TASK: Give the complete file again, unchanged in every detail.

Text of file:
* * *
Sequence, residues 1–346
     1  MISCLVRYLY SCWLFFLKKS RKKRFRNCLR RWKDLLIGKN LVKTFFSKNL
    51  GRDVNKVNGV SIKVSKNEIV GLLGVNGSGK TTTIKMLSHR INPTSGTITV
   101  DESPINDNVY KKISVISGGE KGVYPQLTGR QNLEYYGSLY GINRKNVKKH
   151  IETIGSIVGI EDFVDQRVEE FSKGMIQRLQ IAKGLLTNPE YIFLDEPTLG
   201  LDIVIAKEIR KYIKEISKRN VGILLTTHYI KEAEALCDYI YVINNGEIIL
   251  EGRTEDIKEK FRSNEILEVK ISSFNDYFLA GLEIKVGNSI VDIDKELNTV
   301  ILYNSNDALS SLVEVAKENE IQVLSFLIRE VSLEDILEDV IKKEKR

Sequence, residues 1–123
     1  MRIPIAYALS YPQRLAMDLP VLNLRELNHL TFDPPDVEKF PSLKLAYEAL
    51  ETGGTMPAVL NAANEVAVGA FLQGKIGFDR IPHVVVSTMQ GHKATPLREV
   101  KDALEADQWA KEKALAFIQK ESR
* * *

Sequence, residues 1–346
     1  MISCLVRYLY SCWLFFLKKS RKKRFRNCLR RWKDLLIGKN LVKTFFSKNL
    51  GRDVNKVNGV SIKVSKNEIV GLLGVNGSGK TTTIKMLSHR INPTSGTITV
   101  DESPINDNVY KKISVISGGE KGVYPQLTGR QNLEYYGSLY GINRKNVKKH
   151  IETIGSIVGI EDFVDQRVEE FSKGMIQRLQ IAKGLLTNPE YIFLDEPTLG
   201  LDIVIAKEIR KYIKEISKRN VGILLTTHYI KEAEALCDYI YVINNGEIIL
   251  EGRTEDIKEK FRSNEILEVK ISSFNDYFLA GLEIKVGNSI VDIDKELNTV
   301  ILYNSNDALS SLVEVAKENE IQVLSFLIRE VSLEDILEDV IKKEKR

Sequence, residues 1–123
     1  MRIPIAYALS YPQRLAMDLP VLNLRELNHL TFDPPDVEKF PSLKLAYEAL
    51  ETGGTMPAVL NAANEVAVGA FLQGKIGFDR IPHVVVSTMQ GHKATPLREV
   101  KDALEADQWA KEKALAFIQK ESR